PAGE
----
Dear Mr. Gaddafi by Danielle Bennet
Click To Listen, full text below.
Dear Mr. Gaddafi,
You’ve managed to receive more attention from our government in six months than my students have in six years.
My 12th graders hardly know the names and situation of our 50 states
Or where your country is on a map
but they know your name
know that they shouldn’t like it
but do not know why.
My students heard our government sent a task force after you
Hunted hard to protect people against you
Have you heard that there are people here
that do no feel protected?
Did your faux royalty afford you an education of our country, sir?
If so, could you define segregation?
If so, could you explain why a recent report from one of our most prominent universities
found Latino and black students attend schools more segregated today than during the civil rights movement forty years ago?
In case you have not picked up on it, sir
The faces I spend the majority of my days with
Are all shades of coffee darker than mine
Like the ones in that report
Our country came after you so quick
But there is so little that is so immediate about the way education is handled in our country
Why is taking down dictators so easy to stand behind
While building up our own future leaders is not?
Tell me what the cry of the rebels sound like in Libya
I’ll tell you what ours sound like,
Like hope in disguise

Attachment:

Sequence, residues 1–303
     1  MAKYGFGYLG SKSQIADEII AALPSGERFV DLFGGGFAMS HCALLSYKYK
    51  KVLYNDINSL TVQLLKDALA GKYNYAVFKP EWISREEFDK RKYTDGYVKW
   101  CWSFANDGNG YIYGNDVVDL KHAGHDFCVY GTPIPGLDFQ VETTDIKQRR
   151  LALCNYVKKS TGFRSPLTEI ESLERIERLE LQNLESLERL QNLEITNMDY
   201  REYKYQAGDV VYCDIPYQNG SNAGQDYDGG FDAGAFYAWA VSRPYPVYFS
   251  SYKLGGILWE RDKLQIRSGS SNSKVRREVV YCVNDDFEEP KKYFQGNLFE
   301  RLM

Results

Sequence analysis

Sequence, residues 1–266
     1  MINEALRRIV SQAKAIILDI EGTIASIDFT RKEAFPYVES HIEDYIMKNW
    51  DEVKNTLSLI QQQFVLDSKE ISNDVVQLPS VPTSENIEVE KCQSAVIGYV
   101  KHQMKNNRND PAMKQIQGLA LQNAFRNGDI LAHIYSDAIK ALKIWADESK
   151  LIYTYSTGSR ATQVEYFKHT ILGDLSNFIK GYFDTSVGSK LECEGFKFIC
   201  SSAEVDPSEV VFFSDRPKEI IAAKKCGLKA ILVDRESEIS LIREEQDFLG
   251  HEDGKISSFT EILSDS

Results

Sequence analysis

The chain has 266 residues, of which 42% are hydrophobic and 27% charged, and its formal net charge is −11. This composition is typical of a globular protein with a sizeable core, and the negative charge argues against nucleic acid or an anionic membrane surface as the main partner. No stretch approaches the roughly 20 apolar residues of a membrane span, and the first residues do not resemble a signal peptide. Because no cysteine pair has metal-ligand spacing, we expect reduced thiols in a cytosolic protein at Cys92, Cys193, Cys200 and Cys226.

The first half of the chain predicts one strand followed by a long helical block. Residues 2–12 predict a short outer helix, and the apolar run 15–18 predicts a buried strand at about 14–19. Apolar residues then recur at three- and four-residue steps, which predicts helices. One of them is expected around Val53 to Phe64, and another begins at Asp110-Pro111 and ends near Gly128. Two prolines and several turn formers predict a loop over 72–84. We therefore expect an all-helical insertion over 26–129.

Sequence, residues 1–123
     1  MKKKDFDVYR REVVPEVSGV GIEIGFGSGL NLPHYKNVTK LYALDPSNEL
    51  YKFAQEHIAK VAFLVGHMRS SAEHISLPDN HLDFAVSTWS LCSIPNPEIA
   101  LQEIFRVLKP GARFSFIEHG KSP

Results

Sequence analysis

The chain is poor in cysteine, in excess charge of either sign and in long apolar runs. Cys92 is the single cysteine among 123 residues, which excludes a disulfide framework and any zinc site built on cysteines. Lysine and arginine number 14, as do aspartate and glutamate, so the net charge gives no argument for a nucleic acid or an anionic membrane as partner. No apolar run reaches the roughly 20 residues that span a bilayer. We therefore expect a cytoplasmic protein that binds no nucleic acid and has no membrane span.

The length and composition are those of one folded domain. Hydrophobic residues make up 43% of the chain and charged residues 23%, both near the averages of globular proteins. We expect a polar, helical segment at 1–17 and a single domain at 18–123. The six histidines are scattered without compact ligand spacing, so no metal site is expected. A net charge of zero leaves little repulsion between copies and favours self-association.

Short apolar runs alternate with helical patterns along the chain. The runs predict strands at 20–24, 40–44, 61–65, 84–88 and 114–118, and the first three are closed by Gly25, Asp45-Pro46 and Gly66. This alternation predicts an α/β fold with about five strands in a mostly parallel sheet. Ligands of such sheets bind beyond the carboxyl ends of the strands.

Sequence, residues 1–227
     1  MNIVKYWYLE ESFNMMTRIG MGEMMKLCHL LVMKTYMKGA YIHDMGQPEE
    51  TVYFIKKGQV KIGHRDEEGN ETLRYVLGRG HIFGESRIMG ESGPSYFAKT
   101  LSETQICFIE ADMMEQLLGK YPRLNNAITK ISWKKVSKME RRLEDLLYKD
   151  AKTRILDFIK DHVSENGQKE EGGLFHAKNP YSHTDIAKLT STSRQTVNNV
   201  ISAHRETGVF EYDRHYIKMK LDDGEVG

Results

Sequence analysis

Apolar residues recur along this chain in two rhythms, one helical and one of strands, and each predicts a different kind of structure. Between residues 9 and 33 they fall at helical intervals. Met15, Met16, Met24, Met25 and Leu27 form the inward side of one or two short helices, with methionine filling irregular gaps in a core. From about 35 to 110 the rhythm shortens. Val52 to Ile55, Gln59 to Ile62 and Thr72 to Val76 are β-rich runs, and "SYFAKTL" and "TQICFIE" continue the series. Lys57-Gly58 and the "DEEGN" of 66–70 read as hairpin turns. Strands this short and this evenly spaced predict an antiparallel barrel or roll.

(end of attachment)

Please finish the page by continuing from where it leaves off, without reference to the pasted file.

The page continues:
Now the things that are killing the hope the once wore
Get stuck in stories at the fold
While your name won’t rub off A1
While they are young and under resourced,
they are not stupid.
They are cracking into the age of realization
Where they start to notice things their country is saying to them
Are hypothesizing why Kobe, their president, and you
Are rotating turns on the front page
The last time my kids got national attention is when
we treated their graduation rates
like a death toll
And you may know that better than I think
You may have already seen that the faces representing our best
Are often the best representation of our worst flaw:
Proof that we try to take on the world
without taking care of our own home
We are bleeding nurses,
Shackled freedom fighters,
Slave-owning, well-intentioned abolitionists
But I don’t want to give you the wrong impression
I love my country, sir
I politically socialize its youth every day because I believe what we’ve got
Might be the best that we get in a world as broken as ours
When I first started this job
I promised myself I would never use my students’ stories for poems and letters
Their stories are their poems
Is about my story now
About how sick I am of hearing your name on the radio
On my way to work
A subliminal message that there are more important things than the graves we’re digging in our backyard
For the young men and women I give my everything for
Because I cannot shake your name from our news corps
I will not be able to avoid you in my classroom
So what am I to teach them about you?
They have already labeled you “bad,” sir,
Tossed you in a bin with Mussolini and Hussein,
But what else?
I am writing to solicit your help
Because I imagine neither of us care for your news coverage anymore
I just pray
That my students
Don’t have to adopt your tactics
To gain back their country’s